Various mega tech firms have pulled off impressive rallies this year, such as Apple Inc. (NASDAQ:AAPL), Facebook Inc (NASDAQ:FB), Alphabet Inc (NASDAQ:GOOGL,NASDAQ:GOOG) and Amazon.com, Inc. (NASDAQ:AMZN).
A big part of this has been the enthusiasm about the continued growth in major categories like mobile, cloud-computing, online video and social media. Yet the rally has been fairly concentrated. If anything, there are many notable tech companies that have been left out of the party.
And a prime example is Qualcomm, Inc. (NASDAQ:QCOM). No doubt, the company has many positives, such as an extensive patent portfolio, a global customer base and a leading position in promoting technology standards in the mobile industry. QCOM stock is also relatively cheap, with a forward price-earnings ratio of only 13. There is also an attractive dividend yield of 4.1%.
That said, I think it’s a stretch to say that Qualcomm might join the bullish trend. For the most, QCOM faces some major challenges, such as the following:
QCOM Stock Issue #1 – Mobile Maturation
There are signs that the the mobile market is maturing. According to a research report from CCS Insight, smartphone sales in North America and Europe are likely to hit “peak” levels this year.
Granted, there should still be growth in emerging markets. But the problem is that average prices for devices are much lower because of the meager income levels.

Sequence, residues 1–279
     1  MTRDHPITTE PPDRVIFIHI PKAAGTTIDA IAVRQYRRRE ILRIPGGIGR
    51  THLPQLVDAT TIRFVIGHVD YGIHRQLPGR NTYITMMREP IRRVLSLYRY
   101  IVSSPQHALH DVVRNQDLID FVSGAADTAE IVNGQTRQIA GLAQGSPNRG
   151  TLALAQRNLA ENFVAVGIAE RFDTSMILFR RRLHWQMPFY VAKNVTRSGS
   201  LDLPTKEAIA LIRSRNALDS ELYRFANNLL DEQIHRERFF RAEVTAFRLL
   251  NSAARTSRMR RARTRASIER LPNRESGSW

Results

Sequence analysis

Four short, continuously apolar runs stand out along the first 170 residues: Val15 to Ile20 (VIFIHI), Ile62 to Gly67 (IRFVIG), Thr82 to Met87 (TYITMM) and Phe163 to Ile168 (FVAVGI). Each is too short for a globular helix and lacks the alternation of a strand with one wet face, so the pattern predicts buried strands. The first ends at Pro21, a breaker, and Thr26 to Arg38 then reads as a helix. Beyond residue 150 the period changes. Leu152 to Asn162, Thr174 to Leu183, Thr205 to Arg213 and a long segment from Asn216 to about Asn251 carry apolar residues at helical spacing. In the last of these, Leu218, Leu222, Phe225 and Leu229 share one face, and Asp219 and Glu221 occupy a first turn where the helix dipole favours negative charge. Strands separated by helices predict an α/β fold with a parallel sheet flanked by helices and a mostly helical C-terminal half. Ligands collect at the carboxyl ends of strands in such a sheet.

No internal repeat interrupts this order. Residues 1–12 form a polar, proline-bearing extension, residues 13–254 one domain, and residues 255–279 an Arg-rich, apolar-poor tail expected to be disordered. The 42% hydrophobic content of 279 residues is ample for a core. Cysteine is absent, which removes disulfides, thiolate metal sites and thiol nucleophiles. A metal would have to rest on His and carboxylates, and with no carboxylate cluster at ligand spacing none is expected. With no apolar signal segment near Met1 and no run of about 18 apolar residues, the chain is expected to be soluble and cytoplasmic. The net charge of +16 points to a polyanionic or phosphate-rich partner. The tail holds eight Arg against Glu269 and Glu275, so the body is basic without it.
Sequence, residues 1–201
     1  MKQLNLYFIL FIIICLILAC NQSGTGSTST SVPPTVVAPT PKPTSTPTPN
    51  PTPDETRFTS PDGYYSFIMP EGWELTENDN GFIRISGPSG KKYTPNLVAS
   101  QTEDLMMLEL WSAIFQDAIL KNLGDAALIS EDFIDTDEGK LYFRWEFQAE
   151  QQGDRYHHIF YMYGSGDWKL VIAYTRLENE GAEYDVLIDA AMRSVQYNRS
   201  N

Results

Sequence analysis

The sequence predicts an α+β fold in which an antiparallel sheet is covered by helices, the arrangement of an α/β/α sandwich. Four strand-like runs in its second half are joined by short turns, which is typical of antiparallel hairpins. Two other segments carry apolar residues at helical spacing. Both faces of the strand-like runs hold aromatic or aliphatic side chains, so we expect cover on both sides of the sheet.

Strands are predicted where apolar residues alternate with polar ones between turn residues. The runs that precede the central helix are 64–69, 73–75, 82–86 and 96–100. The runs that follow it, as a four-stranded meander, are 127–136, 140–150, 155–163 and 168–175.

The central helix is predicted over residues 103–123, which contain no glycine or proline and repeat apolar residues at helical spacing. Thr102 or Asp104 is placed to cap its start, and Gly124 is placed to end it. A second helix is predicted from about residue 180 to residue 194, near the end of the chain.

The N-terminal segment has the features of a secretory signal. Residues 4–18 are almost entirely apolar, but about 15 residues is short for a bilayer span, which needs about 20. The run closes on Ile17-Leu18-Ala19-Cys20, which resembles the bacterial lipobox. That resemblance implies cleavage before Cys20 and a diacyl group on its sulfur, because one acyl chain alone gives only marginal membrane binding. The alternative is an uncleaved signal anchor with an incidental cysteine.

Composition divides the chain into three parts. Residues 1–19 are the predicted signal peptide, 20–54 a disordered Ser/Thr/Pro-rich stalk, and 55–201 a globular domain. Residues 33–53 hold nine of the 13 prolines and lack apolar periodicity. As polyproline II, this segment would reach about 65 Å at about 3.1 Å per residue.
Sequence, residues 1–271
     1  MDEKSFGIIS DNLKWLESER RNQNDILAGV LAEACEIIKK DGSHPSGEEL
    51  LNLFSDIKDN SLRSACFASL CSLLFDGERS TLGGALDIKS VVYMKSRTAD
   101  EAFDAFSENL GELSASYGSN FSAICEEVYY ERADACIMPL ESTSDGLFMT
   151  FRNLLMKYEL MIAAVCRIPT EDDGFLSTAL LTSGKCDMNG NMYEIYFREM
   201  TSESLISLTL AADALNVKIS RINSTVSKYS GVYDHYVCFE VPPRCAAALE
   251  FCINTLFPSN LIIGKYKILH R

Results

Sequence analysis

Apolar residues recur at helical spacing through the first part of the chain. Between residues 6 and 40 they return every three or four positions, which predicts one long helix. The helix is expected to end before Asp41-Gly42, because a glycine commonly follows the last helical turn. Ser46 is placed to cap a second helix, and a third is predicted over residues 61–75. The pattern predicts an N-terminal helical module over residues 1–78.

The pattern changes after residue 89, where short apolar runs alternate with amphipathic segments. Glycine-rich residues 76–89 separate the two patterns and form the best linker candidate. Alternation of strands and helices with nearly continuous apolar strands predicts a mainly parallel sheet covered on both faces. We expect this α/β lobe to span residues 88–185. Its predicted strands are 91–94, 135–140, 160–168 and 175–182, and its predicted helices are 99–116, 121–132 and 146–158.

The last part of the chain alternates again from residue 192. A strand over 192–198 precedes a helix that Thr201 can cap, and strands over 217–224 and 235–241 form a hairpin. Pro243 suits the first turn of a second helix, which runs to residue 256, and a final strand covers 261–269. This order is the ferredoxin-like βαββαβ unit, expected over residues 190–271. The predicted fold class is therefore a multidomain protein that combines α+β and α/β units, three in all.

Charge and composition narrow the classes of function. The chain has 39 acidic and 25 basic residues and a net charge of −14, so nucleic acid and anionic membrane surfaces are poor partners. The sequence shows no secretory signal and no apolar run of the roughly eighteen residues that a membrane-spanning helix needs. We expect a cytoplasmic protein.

As for Qualcomm, the company has actually been under pressure for some time because of the changing market conditions. Keep in mind that — from fiscal 2013 to 2016 — revenues went from $24.87 billion to $23.6 billion.
Now it’s true that QCOM has been investing in next-generation technologies, such as with 5G systems and the Internet of Things (IoT). Yet such things are still in the early phases — and will likely take considerable time to make an impact on the top line.
QCOM Stock Issue #2 – NXP Acquisition
To deal with the growth problems, QCOM has agreed to shell out $47 billion for NXP Semiconductors NV (NASDAQ:NXPI). With the deal, the company will become a top player in the fast-growing market for chips used in connected vehicles.
But the transaction is fraught with risks. First of all, the acquisition will be the largest in QCOM’s history and take up a substantial amount of the cash balance.
At the same time, there are likely to be major challenges with integration. Not only will QCOM be entering a highly competitive market, but also be taking on a different business model. After all, NXP manufacturers its own chips — across 14 foundries — whereas QCOM outsources much of its production.
Finally, NXP is more than just about autos. The company, unfortunately, has several businesses that are in slow-growth categories. For example, during the last quarter, overall revenues actually fell by 1% to $2.211 billion.